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Childproofing Your Home

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Childproofing Your Home

By nature, small children love to explore their environment. But the same curiosity      that  helps  them learn  about  the  world can sometimes get  them into trouble.
baby.jpg (5117 bytes) As  a  parent,  you   need to  do  everything you  can  to  ensure their  safety  while  they  grow.
The  following  checklist,  which  goes
  room  by  room, can help you  determine  if  your  house  is  safe.  Taking  steps  to child-proof  your  home  can  provide  you  with  peace of mind while  you   enjoy  your children.  But remember, childproofing  is  an
ongoing job. Be alert for anything you might have overlooked.

Do a careful room-by-room home safety survey every six months !

 ringy.gif (2396 bytes)  BABY'S BEDROOM

  • Make sure the cords from blinds or curtains are out of reach of the crib.

  • On the changing table, use a safety strap to keep your baby from falling.

  • Keep all supplies out of reach, especially baby powder, so that the baby won’t accidentally inhale it.

  • Make sure the crib, mattress and bumper pads meet safety standards and the mattress fits snugly so there’s no gap.

  • Do not use dry cleaning bags or trash bags as mattress covers.

  • Be especially careful when considering a second-hand crib; it may have been manufactured before safety standards were in place.

  • Children under 33 ins. (84 cms.) tall should use a crib.

  • If you have installed a crib gym, it should be removed when the baby is five months old or is able to push up on hands and knees.

  • Examine teething rings and toys for small ends that extend into the back of the baby's mouth and can cause choking.

  • Falls are a common cause of serious injury. Keep furniture away from windows, and remember: screens keep bugs out, but they don't keep children in.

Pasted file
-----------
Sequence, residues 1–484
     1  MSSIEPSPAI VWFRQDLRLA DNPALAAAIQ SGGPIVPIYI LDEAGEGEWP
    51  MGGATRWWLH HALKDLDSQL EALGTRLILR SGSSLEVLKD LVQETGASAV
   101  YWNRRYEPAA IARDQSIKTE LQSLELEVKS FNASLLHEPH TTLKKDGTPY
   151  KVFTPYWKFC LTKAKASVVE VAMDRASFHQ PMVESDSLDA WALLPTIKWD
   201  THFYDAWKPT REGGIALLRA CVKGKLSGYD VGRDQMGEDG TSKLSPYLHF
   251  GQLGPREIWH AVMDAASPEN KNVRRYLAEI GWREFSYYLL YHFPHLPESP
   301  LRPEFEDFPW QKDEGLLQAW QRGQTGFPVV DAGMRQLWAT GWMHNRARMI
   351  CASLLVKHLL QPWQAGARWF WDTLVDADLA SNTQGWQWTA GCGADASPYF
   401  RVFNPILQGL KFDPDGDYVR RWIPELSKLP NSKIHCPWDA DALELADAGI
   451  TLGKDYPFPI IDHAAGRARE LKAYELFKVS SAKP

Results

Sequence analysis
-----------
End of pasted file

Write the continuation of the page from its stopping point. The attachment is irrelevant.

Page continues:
• Make sure night lights are away from drapes or bedspreads, where they could cause a fire.

ringy.gif (2396 bytes)  SIBLING’S BEDROOM

  • If your baby has older brothers or sisters, you may have to make their rooms off-limits, especially if they're full of toys with small parts.

  • Any small object can be a choking hazard to a child who's putting things in his/her mouth. Your best bet may be to

  • Keep the doors to a sibling's room securely closed.

  • Children under 6 years old should not use the top bunk of a bunk bed.

  • Children should understand that bunk beds are not playthings.

Crawl Around On Your Knees
See Your House The Way Your Child Does

ringy.gif (2396 bytes)  PARENT’S BEDROOM

  • Make sure loose change and other small items in drawers or on night stands are out of reach.

  • Move medicines or perfumes to a safe place to prevent poisoning.

  • Keep any guns unloaded and locked out of reach. Don't let your children see firearms, and never store a gun and its ammunition in the same place. A gun in the home is more likely to shoot a family member than an intruder.

ringy.gif (2396 bytes)  BATHROOM

  • Store potentially dangerous items, even those you use on a daily basis, out of your child's reach. This includes razors, cosmetics, after-shave, mouthwash and medicine.

  • Keep all medicines in child-resistant containers. Medicines don’t belong in the bathroom.(see Bathroom Safety)

  • Install safety latches on cabinet doors and drawers.

  • Keep hair dryers and other electrical appliances unplugged and stored out of reach.

  • Make sure the water temperature of your water heater does not exceed 120 F. Consider installing anti-scald devices in your shower and bathtub that stop the water flow when the temperature exceeds 120 F.

  • Always check the water temperature with your elbow before placing your child in the tub. (see Burn Prevention)

  • Put nonskid bath mats in the tub and floor.

  • Install toilet and lid locks.

  • Never leave a child unattended in the tub. Drowning is the third leading cause of death of children
    ages 0 to 4.

  • Before putting a child into the bath, take the phone off the hook, and put a  "DO NOT DISTURB"  sign on the front door.

ringy.gif (2396 bytes) KITCHEN

  • When you're preparing a meal, always turn the pot handles towards the back of the stove.

  • Watch what you heat. Never leave cooking unattended.

  • Store sharp knives and other utensils out of reach.

  • Put latches on cabinets that contain cleaning liquids, bleach and dishwasher detergent.